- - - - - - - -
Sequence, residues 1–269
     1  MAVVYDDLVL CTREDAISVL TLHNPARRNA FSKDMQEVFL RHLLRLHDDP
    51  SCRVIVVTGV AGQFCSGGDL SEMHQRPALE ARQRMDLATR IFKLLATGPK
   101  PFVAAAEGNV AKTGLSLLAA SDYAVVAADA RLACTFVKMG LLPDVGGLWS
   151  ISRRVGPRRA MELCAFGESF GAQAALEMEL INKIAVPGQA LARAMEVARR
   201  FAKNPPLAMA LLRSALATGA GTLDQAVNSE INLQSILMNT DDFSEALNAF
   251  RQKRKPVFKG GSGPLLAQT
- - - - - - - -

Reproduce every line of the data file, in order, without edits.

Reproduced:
Sequence, residues 1–269
     1  MAVVYDDLVL CTREDAISVL TLHNPARRNA FSKDMQEVFL RHLLRLHDDP
    51  SCRVIVVTGV AGQFCSGGDL SEMHQRPALE ARQRMDLATR IFKLLATGPK
   101  PFVAAAEGNV AKTGLSLLAA SDYAVVAADA RLACTFVKMG LLPDVGGLWS
   151  ISRRVGPRRA MELCAFGESF GAQAALEMEL INKIAVPGQA LARAMEVARR
   201  FAKNPPLAMA LLRSALATGA GTLDQAVNSE INLQSILMNT DDFSEALNAF
   251  RQKRKPVFKG GSGPLLAQT